ATLANTA (AP) — A gun safety advocacy group that began in 2012 after 20 young children were shot down in their classrooms has grown since then and is increasingly focusing on getting its members into elected office.
More than a thousand volunteer leaders from Moms Demand Action for Gun Sense in America gathered Friday at an Atlanta hotel for a two-day conference called Gun Sense University. The kickoff event included big-name supporters, like actress Julianne Moore and former New York mayor Michael Bloomberg, as well as survivors of gun violence.
A common refrain Friday was a push to run for office. A "Running for Office 101" training session on Friday drew nearly four dozen people.
One of them was DeAndra Yates from Indianapolis who got involved after her 13-year-old son was shot at a birthday party in February 2014. Now 17, her son DeAndre is a non-verbal quadriplegic.
She has another son, 14-year-old Darrius, and three stepsons, and Yates said she fears every day for their safety. She can't bear the thought of another mother having to go through what she did.
Her involvement with Moms Demand Action has inspired her and she sees elected office as a way to take her activism to the next level.
"It's one thing as a survivor to go speak and pull on their heartstrings, but actually being the one with power to make things change means a lot to me," she said.
Yates said she plans to run in the next few years, though she's not ready yet to say which office she might seek.
Shannon Watts, a mother of five in Indiana, started the Moms Demand Action Facebook page that grew into a movement the day after those 20 students and six educators were shot to death at Sandy Hook Elementary School in Connecticut in December 2012. The group partnered with Mayors Against Illegal Guns, co-founded by Bloomberg, under the umbrella of Everytown for Gun Safety.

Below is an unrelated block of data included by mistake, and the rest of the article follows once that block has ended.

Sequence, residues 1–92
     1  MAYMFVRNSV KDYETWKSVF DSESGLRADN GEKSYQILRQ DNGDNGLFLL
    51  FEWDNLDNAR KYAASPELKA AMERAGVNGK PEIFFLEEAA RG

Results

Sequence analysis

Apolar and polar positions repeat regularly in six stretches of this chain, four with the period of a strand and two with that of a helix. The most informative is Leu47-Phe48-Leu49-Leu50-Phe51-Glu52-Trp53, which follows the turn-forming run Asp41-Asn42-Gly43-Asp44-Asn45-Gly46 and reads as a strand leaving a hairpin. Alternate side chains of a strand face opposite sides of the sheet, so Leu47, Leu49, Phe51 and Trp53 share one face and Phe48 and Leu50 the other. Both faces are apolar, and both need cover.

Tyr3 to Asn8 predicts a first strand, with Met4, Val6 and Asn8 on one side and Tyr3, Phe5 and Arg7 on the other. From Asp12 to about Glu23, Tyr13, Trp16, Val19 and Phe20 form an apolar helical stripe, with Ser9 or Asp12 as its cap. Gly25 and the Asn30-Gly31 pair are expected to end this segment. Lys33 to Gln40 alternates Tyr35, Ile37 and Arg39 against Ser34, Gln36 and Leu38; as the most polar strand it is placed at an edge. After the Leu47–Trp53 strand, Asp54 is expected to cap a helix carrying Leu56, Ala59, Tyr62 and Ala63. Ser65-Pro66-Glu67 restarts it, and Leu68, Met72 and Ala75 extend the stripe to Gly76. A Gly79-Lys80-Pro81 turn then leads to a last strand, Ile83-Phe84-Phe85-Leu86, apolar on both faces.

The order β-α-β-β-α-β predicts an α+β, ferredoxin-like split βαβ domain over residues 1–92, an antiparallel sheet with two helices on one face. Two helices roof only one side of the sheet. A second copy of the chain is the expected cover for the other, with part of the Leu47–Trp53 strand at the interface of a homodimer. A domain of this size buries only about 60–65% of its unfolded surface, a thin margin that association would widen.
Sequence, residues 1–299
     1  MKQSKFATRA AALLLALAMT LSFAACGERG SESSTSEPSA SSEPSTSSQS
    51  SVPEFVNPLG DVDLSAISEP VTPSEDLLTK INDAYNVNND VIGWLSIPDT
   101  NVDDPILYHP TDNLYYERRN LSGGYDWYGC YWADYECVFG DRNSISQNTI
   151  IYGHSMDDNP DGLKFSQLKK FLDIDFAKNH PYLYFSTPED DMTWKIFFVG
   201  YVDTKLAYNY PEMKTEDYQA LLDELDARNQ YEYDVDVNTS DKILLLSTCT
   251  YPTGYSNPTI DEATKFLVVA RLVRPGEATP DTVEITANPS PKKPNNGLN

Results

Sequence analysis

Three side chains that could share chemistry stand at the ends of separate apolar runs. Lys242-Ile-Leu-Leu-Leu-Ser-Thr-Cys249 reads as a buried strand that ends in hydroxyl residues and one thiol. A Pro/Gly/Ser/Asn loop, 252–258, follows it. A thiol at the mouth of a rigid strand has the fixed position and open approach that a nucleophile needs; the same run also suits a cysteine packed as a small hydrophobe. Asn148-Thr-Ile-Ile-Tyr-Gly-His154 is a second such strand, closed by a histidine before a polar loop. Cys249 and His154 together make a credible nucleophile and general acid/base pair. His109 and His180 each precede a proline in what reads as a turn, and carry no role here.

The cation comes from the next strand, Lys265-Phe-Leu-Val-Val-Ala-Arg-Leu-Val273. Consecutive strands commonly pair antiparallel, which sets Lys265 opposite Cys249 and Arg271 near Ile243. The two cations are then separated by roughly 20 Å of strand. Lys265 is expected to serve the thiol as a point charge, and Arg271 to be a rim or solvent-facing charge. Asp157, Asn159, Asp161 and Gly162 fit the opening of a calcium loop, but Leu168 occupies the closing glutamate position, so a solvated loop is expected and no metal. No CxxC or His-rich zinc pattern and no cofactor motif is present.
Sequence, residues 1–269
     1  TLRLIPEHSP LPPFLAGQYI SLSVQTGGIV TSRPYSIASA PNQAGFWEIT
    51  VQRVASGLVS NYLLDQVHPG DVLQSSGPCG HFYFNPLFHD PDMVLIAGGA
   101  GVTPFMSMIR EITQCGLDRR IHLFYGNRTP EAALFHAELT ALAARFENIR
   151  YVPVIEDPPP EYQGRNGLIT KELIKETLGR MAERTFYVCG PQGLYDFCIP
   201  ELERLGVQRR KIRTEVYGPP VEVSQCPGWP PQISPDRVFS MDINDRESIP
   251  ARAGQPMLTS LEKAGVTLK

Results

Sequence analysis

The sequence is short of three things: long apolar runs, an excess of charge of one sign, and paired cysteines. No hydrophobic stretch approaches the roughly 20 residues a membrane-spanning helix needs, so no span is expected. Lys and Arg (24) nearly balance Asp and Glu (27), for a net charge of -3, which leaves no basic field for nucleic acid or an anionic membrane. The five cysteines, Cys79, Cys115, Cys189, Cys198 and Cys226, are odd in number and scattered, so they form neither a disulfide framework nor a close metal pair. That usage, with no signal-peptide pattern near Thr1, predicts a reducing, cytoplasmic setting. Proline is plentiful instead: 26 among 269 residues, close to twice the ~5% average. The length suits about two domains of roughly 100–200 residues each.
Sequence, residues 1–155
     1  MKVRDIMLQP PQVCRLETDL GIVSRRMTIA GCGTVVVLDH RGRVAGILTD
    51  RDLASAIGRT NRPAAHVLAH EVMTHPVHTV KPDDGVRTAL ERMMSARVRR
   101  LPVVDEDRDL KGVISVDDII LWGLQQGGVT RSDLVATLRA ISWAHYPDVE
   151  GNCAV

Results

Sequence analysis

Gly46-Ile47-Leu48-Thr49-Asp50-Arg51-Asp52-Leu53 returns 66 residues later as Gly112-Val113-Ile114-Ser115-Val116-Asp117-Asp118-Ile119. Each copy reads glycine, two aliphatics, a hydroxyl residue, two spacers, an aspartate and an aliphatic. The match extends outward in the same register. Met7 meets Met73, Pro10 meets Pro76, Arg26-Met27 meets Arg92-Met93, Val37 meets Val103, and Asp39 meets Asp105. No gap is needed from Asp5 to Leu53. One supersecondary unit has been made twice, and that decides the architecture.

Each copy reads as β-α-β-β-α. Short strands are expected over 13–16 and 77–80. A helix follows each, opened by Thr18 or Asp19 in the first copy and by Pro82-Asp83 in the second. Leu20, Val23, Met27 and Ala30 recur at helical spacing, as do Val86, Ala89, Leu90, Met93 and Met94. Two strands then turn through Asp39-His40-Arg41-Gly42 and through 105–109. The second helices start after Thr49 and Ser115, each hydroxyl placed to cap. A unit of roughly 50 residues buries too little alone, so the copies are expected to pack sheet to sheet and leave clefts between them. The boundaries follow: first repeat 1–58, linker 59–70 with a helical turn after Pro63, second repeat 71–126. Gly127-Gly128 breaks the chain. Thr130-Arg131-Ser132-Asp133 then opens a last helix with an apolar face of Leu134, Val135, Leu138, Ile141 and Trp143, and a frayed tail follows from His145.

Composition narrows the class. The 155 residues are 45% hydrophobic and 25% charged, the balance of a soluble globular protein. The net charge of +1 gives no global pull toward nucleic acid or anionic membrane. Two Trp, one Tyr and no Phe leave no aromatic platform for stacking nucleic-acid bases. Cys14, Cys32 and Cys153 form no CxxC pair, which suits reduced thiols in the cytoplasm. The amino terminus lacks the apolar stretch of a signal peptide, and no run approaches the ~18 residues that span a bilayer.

Watts knew nothing about America's gun laws or community organizing, but felt she had to do something after Sandy Hook.
"We built the plane as we flew it," she said during the conference kickoff event.
Now, the effort is five million-strong and includes more than 300,000 active volunteers who work on "bringing the gun lobby to its knees through unglamorous, heavy lifting, grass roots activism," she said.
Along the way, as they learned more about laws and policy, figured out how the system works and lobbied lawmakers, the volunteers began to realize that they were as qualified as any of the people in office, Watts said in an interview.
Jennifer Lugar was one of those women. After her husband fatally shot himself in 2009, news reports about gun deaths suddenly felt more relevant to her. A common thread was often easy access to guns, she said.
"Having a gun sitting there turns an impulse that might go away in 30 seconds into a tragedy that lasts forever," she said.
During the 2016 election she served as a volunteer for Moms Demand Action, giving her insight into how the process works and making her realize it was accessible to her.
She then learned of vacancies on the borough council where she lives in Jenkintown, a Philadelphia suburb. She applied to be appointed to finish out one of the terms and then ran successfully for re-election last year.
Although gun policy tends to be made at the state and national levels, her elected position has allowed her to make important connections and given her a bigger platform to spread her message, she said.
Elizabeth Becker of Las Vegas fought hard in 2016 to get a background check initiative onto the ballot after the state's governor vetoed a similar measure passed by the legislature. It was approved by voters, and now she's thinking of running for office herself.
"Once you get involved, you realized how wrong we are getting it in this country," she said, referring to the nation's gun laws.
Becker participated in the conference's class on running for office, which gave participants a taste of the lessons available in an online course offered by Moms Demand Action. Instructors discussed mobilizing voters, fundraising and crafting a message.
"Being a part of this movement is so empowering," Becker said, fired up after the class. "You constantly hear, 'Yes, you can do that!'"